Note: Part 1 of this two-part series can be found in Part 1: 10 Reasons Why Freedom Is Blogging In Your Underwear. That post describes what blogging means to me.
I finished reading Hugh MacLeod's latest book, Freedom Is Blogging In Your Underwear. It's his love letter to blogging describing how this influential medium changed the trajectory of his personal and professional life.
Highlighting a few key quotes:
"My blog gave me everything."
"My blog gave me my freedom."
I subscribe to Hugh's blog, gapingvoid.com, which is how I learned the book was released this past week. Here's his video describing why he wrote the book:
I Love This Book. I'm also going to order Hugh's previous books, Ignore Everybody: And 39 Other Keys to Creativity and Evil Plans: Having Fun on the Road to World Domination. That's how much I enjoy studying his work.
Freedom Is Blogging In Your Underwear is filled with Hugh's motivational, irreverent,and rebellious point-of-view. It's his call-to-arms "to create stuff" by using the Internet to transform and reinvent our personal and professional lives. Because of the Internet, laptops, and broadband access, he reminds us we live in a world where "cheap, easy global media is here to stay."
The Book's Governing Question. So, why not use this global phenomenon to our advantage? It's the book's governing question linking personal and professional reinvention to blogging:
"So in my typical way, I'll ask you, are you a beacon? If not, don't you think you should be."
So without further delay, here are the Three (3) Themes I enjoyed most from Freedom Is Blogging In Your Underwear.
1. "Crofting" Is the New World of Work
A Croft Is a Smallholding. It's our digital identity (direct quote):
"Thanks to the Internet, we all have a little electronic "croft" -- an electronic smallholding -- to call our own: what is commonly referred to as our own digital identity, which we can cultivate, like a small farm, however we see fit."
It's Why Blogging Matters (More Than Ever). It's why YOUR personal blog matters. It's why YOUR personal blog can drive and enable career reinvention. It's why maintaining a separate digital identity beyond your current job description extends your personal brand (take note if you work for a corporation).
It's individual opportunity.
2. Bring New Light to What Life Might Be
Our Individual Points-of-View ARE the New Light. And, that fundamental theme cuts through all the typical how-to advice on developing a credible blog (i.e., post length, number of internal links versus external links, starting with a question, ending with a question, etc.).
There's nothing wrong with being influenced and informed by:
- The succinct brilliance of a Seth Godin
- The journalistic integrity and heart of a Mitch Joel
- The real-time web sensibilities of a David Meerman Scott
- The soul and substance of an Ann Handley
But, trying to be a carbon copy or an imitator highlights how you're a pretender. Those folks acheived their blogosphere status by bringing (and continuing to bring) new light.
Our blogs can bring new light to what life might be by:
- Writing about what individually moves us (what makes us want to write at 5 AM)
- Recognizing there's room for all of us to cultivate and lead our own tribes
- Having the courage to initiate and participate in digital conversations (blogging, commenting, tweeting, sharing, etc.)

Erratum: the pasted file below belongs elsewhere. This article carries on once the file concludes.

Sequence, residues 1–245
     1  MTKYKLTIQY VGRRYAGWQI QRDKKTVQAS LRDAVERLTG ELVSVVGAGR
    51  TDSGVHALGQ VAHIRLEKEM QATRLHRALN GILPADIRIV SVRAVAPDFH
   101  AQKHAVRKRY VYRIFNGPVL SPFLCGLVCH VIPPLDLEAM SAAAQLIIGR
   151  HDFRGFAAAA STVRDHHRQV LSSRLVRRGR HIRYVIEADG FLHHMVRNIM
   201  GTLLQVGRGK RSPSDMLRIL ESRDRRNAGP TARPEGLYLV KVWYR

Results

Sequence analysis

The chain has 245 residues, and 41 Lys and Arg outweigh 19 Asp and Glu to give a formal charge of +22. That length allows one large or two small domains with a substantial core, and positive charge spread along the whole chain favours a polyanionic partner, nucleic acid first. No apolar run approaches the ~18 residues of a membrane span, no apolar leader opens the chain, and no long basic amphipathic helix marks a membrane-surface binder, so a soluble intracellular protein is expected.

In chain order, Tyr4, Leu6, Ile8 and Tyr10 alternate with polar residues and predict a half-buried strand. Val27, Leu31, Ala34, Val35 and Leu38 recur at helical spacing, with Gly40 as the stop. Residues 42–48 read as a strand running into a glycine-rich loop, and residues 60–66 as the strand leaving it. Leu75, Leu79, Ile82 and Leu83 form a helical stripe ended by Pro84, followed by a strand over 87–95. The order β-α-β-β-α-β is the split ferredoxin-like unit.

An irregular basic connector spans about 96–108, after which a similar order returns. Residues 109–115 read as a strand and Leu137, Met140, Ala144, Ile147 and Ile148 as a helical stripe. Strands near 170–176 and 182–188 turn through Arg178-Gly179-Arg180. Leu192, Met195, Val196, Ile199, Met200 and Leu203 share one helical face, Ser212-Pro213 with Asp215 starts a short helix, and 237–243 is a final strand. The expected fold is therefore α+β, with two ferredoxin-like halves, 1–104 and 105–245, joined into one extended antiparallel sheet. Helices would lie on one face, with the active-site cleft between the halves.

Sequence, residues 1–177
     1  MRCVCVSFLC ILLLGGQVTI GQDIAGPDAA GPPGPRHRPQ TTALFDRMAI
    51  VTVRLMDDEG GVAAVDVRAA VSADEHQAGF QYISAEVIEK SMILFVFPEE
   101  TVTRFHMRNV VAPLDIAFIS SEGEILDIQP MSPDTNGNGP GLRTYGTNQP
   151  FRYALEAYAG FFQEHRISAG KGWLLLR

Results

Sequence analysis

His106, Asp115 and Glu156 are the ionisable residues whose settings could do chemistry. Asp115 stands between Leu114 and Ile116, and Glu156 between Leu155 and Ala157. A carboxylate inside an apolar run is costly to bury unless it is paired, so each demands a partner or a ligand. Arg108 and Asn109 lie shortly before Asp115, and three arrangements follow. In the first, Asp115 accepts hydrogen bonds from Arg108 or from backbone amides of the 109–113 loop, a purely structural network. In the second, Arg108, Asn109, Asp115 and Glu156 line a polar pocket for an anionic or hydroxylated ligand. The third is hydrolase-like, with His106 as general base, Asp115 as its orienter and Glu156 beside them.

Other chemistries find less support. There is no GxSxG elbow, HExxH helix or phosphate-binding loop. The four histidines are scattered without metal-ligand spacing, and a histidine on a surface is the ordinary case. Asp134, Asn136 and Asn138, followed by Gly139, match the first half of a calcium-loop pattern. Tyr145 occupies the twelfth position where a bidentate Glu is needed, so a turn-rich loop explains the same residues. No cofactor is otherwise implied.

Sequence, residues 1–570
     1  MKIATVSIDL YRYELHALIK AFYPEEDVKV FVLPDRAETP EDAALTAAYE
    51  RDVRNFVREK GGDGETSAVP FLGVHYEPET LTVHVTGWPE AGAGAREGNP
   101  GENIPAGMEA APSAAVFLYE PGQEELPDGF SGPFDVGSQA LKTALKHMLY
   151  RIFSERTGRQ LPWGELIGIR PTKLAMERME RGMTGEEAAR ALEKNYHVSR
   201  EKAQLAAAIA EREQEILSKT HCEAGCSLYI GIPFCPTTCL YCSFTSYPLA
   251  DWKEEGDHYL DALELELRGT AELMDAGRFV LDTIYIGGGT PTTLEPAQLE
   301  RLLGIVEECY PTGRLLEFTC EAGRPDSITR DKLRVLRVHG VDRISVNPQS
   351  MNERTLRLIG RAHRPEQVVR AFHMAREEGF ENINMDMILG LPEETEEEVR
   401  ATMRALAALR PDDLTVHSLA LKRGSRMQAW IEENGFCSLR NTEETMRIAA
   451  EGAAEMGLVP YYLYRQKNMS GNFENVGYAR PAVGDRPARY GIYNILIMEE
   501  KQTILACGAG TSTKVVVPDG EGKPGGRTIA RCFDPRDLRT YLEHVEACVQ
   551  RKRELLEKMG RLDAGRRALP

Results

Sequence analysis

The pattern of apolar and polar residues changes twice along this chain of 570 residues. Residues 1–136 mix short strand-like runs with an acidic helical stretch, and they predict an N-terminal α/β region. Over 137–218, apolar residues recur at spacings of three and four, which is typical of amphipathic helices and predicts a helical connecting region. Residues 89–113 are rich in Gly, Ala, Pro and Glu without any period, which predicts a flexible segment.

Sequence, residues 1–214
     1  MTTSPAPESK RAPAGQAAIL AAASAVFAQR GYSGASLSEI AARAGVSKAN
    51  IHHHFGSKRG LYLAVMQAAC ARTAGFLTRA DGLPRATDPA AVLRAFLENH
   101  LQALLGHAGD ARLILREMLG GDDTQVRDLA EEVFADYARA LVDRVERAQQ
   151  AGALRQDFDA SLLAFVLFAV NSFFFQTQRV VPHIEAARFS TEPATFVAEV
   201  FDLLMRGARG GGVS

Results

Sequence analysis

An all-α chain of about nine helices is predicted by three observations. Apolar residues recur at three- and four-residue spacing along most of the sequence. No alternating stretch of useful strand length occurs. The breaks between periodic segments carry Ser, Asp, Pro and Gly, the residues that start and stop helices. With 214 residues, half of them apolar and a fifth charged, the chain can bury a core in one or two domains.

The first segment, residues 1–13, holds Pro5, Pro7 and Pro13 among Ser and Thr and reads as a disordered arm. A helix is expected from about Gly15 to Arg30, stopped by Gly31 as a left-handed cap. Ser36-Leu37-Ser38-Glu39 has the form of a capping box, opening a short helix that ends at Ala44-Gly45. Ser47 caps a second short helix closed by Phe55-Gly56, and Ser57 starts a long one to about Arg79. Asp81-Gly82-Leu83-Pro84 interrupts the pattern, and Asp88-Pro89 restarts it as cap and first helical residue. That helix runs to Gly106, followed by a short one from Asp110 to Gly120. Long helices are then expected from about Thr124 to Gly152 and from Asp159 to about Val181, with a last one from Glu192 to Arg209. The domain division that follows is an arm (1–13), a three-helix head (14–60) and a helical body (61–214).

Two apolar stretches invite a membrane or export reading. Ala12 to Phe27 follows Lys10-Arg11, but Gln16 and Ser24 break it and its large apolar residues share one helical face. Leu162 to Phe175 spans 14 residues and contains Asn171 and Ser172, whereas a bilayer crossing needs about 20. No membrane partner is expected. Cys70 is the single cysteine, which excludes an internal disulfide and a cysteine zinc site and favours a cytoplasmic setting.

Blogging Is a Conscious Choice. You can't be a player unless in you're in the game. Hugh says it best on page 54:
"Not everybody believes this. Not everybody acts on this. That's fine; it's their life, their choice. However, if you DO have that capacity within yourself and you DON'T act upon it, then everything around turns to desert."
3. The Internet Eats the "Ignorance Premium" for Breakfast
If You Can Google It, You Can Find It. There's so much published online that we can use to our competitive advantage (both personally and professionally). Hugh describes this concept as the end of The Ignorance Premium (direct quotes from pages 66 and 67):
"The Internet makes it harder for us to know more than the other guy."
"The Internet erodes the "Ignorance Premium."
"Because knowledge is now so much easier to share with the Internet, you're in trouble if the only reason you can make a living is because somebeody is too lazy to easily find out what you know with just a quick click of a mouse."
Our Opportunity With Blogging Is Promoting Our Individual "Intelligence Premium." The Internet and blogging makes it easier than ever to self-publish "what you know." Google makes it easier than ever for someone to find you. That sounds like opportunity to me.
Why not turn this unique opportunity into a career advantage?
My Take on The Internet's Ignorance Premium: Make Your Blog Your Intelligence Premium. A personal blog demonstrates your individual, "Intelligence Premium" (e.g., what you bring to the table) by showcasing:
- Your knowledge about a particular subject or industry
- Your creativity in storytelling through multiple media (i.e., text, audio, images, video, etc.)
- Your personal narrative about what makes you different
- Your understanding of digital media's role in marketing, branding, and public relations strategy
Then, Why Don't More People Self-Publish a Blog? Here are four reasons:
- Because it's hard (creating is not easy -- at least, not for me)
- Because it's a long-term commitment
- Because building an audience and a credible reputation is a slow process (it's what Mitch Joel refers to as "in praise of slow")
- Because it requires putting yourself out there
It's Time To Find Our Freedom. Those (4) aforementioned reasons are why blogging is more important than ever. They're why blogging represents individual opportunity.
That's the freedom blogging brings. Whether we do it in our underwear (or while wearing something else).
It's a freedom Hugh summarizes better than I can:
"The Freedom to be who were born to be -- the artist within us all."